6. Submitted by Ray Schoch on 05/09/2014 - 01:36 pm.

    Planning? What planning?

    Sadly, this scenario highlights one of my primary complaints about the groups of people, usually appointed by the powers-that-be, called “Planning Commissions.” They don’t do any planning, and ought to be called “Development Review Commissions,” which would far more accurately reflect what most of their time is spent on. Meanwhile, in this case, where’s the planning? Ford announced the closing of the plant in 2006, and… 8 years later… there’s no plan for what to do with the property? For the United States, World War II involved stupendous amounts of planning, all of it done in quite a bit less than 8 years.

    I don’t live in St. Paul, but I’ve driven past the Ford site numerous times, and the best plan right now seems to be the one from commentator Alex Cecchini. I don’t know if Alex has any planning credentials or not, but his brief proposal here has a lot more specifics than most of what Ms. Harris reports from meetings. Of itself, that ought to be painfully embarrassing for a whole bunch of people in St. Paul, from the Mayor down through the planning department to the offices of some of the city’s major developers. The site is not going to be a blank slate for very much longer, and we can rest assured that it won’t remain undeveloped for very long. Nature, and development, abhors a vacuum. “Fuzzy ideas” are not the stuff of which development is made. If there’s no plan in place, and no vision to guide it, then the result is likely to be a “lowest common denominator” result that will be a disappointment for both St. Paul and the whole metro region.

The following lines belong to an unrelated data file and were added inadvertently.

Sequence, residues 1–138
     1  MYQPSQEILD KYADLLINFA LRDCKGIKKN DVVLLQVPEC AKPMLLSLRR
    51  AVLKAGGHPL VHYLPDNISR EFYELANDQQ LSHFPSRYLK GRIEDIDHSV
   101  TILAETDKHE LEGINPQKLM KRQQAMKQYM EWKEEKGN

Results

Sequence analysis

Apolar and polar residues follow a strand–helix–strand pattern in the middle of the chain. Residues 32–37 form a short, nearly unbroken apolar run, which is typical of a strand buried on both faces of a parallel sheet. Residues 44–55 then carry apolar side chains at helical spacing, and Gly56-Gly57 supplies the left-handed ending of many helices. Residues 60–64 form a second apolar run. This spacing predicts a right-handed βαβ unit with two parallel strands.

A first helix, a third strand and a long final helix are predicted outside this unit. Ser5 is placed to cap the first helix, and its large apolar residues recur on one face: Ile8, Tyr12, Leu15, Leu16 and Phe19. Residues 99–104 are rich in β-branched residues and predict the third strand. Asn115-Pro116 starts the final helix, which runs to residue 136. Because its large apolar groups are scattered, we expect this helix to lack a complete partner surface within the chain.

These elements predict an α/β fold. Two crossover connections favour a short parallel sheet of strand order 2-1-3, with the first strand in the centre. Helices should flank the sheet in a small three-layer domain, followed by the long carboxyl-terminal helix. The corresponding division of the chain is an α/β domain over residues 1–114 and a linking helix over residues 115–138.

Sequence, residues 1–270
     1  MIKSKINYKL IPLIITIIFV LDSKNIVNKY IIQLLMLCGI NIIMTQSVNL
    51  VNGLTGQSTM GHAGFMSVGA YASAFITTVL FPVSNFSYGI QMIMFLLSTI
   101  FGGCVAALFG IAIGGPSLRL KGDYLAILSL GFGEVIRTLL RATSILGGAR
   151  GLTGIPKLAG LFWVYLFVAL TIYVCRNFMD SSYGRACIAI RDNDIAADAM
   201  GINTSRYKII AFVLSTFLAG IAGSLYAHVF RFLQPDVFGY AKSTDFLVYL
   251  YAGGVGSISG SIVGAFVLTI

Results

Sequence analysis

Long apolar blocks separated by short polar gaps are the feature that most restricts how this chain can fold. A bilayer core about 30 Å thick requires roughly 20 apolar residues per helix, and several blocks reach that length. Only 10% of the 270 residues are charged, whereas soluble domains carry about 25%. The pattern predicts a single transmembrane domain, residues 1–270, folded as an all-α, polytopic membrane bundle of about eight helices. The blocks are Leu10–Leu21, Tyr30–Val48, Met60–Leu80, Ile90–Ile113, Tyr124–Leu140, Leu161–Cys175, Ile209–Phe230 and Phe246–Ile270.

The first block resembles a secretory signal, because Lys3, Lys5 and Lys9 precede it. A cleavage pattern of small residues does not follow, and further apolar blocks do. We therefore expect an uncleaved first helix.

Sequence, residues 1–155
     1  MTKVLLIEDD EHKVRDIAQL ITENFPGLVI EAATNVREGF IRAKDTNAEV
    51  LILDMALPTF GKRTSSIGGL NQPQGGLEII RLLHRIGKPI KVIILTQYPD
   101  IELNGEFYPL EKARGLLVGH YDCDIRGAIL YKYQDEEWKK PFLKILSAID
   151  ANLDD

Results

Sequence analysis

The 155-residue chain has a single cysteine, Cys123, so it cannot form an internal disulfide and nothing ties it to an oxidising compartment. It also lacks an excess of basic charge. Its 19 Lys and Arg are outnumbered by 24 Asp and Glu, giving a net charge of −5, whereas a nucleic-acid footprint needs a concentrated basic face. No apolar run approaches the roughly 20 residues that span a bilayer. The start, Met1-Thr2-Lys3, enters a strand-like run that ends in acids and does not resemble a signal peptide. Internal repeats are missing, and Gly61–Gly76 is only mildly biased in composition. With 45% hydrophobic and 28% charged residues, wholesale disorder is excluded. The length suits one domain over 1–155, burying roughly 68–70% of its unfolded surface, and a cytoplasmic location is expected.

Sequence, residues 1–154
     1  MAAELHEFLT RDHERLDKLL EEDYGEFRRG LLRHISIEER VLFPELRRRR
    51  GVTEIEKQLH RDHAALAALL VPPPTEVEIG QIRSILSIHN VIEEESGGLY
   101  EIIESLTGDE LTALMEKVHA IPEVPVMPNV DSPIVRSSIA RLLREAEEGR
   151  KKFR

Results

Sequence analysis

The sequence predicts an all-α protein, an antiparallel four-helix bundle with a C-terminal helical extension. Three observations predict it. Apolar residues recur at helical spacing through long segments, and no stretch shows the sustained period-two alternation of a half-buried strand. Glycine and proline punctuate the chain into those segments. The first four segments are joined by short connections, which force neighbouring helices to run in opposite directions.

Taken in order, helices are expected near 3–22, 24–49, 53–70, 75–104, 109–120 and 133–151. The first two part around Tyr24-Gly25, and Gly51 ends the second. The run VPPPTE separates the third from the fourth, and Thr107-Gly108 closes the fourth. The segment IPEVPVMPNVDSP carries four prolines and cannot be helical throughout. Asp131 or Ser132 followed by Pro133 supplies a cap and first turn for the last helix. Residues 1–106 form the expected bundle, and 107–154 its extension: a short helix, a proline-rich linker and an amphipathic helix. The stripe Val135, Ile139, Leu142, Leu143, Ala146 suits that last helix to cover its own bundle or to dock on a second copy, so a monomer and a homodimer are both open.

That should not be allowed to happen.

    Step up, Mr. Coleman, and use some of your political capital.

  7. Submitted by Eric Sandeen on 05/09/2014 - 02:18 pm.

    Go green

    I’d love to see a community designed around sustainability – walkable neighborhoods, access to transit, consideration for EV charging, heightened building codes for efficiency, air-tightness, insulation, and solar readiness for both homes and the installed grid infrastructure, stormwater management (think rain gardens not curbs & storm sewers), you name it. It’s a chance to do things really well from scratch.

  8. Submitted by Connie Sullivan on 05/09/2014 - 04:59 pm.

    Could it be that the city of St. Paul seems hesitant about specifics on the Ford plant site’s future because, well, the whole thing still belongs to the Ford Company? They will decide to whom they sell, right? They’re probably waiting for a developer t make a suggestion, or a bid, and St. Paul knows that.

    In the meantime, there are all these “public” meetings that seem to go nowhere.